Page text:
Skip to main content

She really got her hooks into me.

Sitting Target
(1972)

Oliver Reed, still relatively youthful (his early 30s, so early 50s in liver years), before the booze pickled his brains, is a powerhouse of simmering rage in this stylised thriller from skilled journeyman Douglas Hickox. Oli’s an ‘orribly unsavoury animal, busting out of prison just so he can knock off his old lady. It’s matter of honour, or pride, or something. Oli’s steaming pissed and it’s going to get messy.


This thriller has been compared to Get Carter, but Alexander Jacobs’ screenplay (from Laurence Henderson’s novel) lacks the same cool precision. Jacobs contributed to a number of decent scripts, two for John Boorman among them, but this is his only solo credit; maybe that’s suggestive. Reed’s Harry Lomart is in the nick, imprisoned in part for killing a man; he didn’t mean to do it, you understand. When Pat (Jill St John)  - what has she done to Harry, Pat – visits, she announces that’s that and she’s got another fella. Harry promptly loses it something rotten. He decides to get out and get her. He’s has no qualms about strangling the missus, even on the understanding she’s pregnant (after all, it’s not his); she’s got it coming, the cow. During the first 10 minutes Harry announces that prison (a wretched hive of surveillance cameras and mental degradation) “makes you feel like… some animal in a cage” and goes on to prove himself a beast unleashed for the next 80.


Helping him out is Ian McShane’s Birdy Williams (I kept mishearing his name as Bertie, but this would be the last place you’d find Wodehouse’s protagonist), back when McShane was unbelievably young – he looked older than his years by the time he got round to making Lovejoy, which most of a certain generation know him best for – and pretty. Besides Hickox’s direction, and an impressive array of too-brief supporting turns (all of which might have sent the plot off on a considerably more interesting trajectory than the one it settles for) the best thing Sitting Target has going for it is the rapport between Reed and McShane. these two have a salty informality, they’re naturally as thick as thieves, partners in crime, uber-dodgy dealers. Both bring a lived-in immediacy to their roles, with Reed grimacing like a pregnant bullfrog while McShane relishes the relatively smoother customer; Birdy’s shrewder, wittier and with a smarter mouth on him.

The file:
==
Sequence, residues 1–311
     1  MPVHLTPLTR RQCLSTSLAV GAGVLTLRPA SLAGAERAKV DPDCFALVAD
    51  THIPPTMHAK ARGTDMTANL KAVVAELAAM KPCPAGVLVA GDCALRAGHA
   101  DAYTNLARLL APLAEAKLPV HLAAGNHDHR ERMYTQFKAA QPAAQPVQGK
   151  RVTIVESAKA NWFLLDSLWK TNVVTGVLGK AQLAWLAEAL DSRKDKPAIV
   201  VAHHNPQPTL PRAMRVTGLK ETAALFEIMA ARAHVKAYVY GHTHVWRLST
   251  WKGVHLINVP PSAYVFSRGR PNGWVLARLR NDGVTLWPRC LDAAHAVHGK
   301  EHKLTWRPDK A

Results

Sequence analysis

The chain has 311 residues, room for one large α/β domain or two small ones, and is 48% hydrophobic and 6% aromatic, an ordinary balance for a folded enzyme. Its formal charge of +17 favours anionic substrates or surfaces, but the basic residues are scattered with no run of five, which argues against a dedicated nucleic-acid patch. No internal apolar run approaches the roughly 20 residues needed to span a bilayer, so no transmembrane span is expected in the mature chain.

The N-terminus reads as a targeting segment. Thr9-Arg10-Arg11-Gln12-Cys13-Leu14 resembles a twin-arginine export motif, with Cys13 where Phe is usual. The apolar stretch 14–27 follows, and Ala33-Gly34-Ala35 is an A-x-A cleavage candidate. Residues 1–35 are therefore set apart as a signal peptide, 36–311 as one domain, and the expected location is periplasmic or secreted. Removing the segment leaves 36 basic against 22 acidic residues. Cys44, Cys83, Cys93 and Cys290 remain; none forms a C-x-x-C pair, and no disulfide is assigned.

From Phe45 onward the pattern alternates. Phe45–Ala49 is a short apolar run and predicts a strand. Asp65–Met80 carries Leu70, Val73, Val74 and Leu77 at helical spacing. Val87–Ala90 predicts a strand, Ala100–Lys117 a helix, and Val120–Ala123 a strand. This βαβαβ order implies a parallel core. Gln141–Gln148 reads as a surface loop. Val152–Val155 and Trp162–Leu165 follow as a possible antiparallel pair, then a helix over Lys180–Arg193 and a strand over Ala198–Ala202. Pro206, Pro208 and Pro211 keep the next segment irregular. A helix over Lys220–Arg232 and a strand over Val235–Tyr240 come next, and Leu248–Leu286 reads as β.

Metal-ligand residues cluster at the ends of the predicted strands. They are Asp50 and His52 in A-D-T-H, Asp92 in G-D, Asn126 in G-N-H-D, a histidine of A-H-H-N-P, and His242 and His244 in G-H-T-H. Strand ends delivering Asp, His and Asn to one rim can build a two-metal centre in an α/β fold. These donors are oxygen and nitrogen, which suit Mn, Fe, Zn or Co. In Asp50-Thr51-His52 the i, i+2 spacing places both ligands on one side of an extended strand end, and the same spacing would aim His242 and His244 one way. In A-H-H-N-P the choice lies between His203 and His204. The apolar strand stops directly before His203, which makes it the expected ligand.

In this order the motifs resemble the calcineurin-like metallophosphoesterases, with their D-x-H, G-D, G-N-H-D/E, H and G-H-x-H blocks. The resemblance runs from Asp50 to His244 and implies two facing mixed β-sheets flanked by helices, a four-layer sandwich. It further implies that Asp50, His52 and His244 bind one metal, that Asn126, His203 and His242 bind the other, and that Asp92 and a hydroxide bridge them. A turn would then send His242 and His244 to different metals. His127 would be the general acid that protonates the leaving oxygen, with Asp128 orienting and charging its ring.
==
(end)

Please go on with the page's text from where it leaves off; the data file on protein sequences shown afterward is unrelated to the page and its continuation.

The first 30 minutes, depicting the prison break (filming took place at Irish penitentiaries) that follows Harry’s confrontation with the trouble and strife, are outstanding. Along for the ride is the marvellous Freddie Jones (recognisable for a multitude of parts, but notables include Children of the Stones and The Elephant Man), playing posh on this occasion. It’s a taut slow-burn sequence, taking in obstacles including barbed wire fences, guard dogs (you wouldn’t want to be a guard dog that night), and obligatory ropes across sheer drops. Perhaps it’s because this sequence is so good that, in spite of everyone’s best efforts, the rest of the picture fails to match it. But I suspect it’s also because the premise is so slight and askance.


There’s an unpleasantly misogynistic streak running throughout Sitting Target. I was ready to give it the benefit of the doubt; that these characters are unsympathetic brutalisers, and the makers are in no way condoning such behaviour. Certainly, Oli’s initial freak out in the prison meeting room, thrusting his hand through the glass partition and attempting to strangle Pat, is shocking and intense; the fury of a maniac. The problem is, there’s an implication in the through-line that St John’s character has it coming, and every other female character we meet is a tart just waiting for a good seeing to (apart from a young June Brown, that is).


No sooner are the convicts in the back of a van bound for freedom than a bit of crumpet is on tap. Hickox stages a curiously arresting tableau, with antic-eyed Oli, Freddie Jones and no less than Camp Freddie himself (Tony Beckley) in the foreground while McShane ruts away behind them (“She’s all yours now”). Arresting as this is, the filmmaker’s eye doesn’t get behind the story with the intelligence of say, Carter, and without that distance it becomes a little to entranced by the mischief and worse these bad boys get up to. A closer comparison to Target’s visuals would be the excesses of The Ipcress File (a glorious movie, but with mental camerawork). There’s an indifference to what happens to these lovelies. You can tell there’s thought behind some of what we see (Harry keeps himself pure so as not to sully the revenge on his treacherous bitch, and he tests out his newly acquired weapon on pornographic images adorning the gun dealer’s walls) but it sinks, or amps up, into undiscerning overkill. Even the poster instructs us that Harry is an animal (in case we thought we were supposed to like the guy?) but Hickox revels in Lomart’s unstoppable carnage.


That said, much of what Hickox comes up with is magnificent. If I were awarding points for style alone, this picture would get full marks. I was going to say Hickox brings the sensibility of a horror veteran to his action scenes, but then I remembered it’s his son Anthony who directs all the horror movies. Douglas made Theatre of Blood the following year, rightly his most celebrated picture, but he also directed John Wayne in London atrocity Brannigan and the ill-advised Zulu Dawn (also, Ian Richardson as Sherlock Holmes in a quite good mid ‘80s Hound of the Baskervilles). His approach lends scenes a heightened, disturbing, sometimes ghoulish frisson. It isn’t only the action; Hickox inordinately fond of low angled shots, overhead shots, and he’ll stage an innocuous moment with Dutch angles, lending his South London milieu an off kilter, skewy quality that underpins the general seaminess. It’s a strange and fascinating mixture of ‘70s urban decay and filmmaking finesse.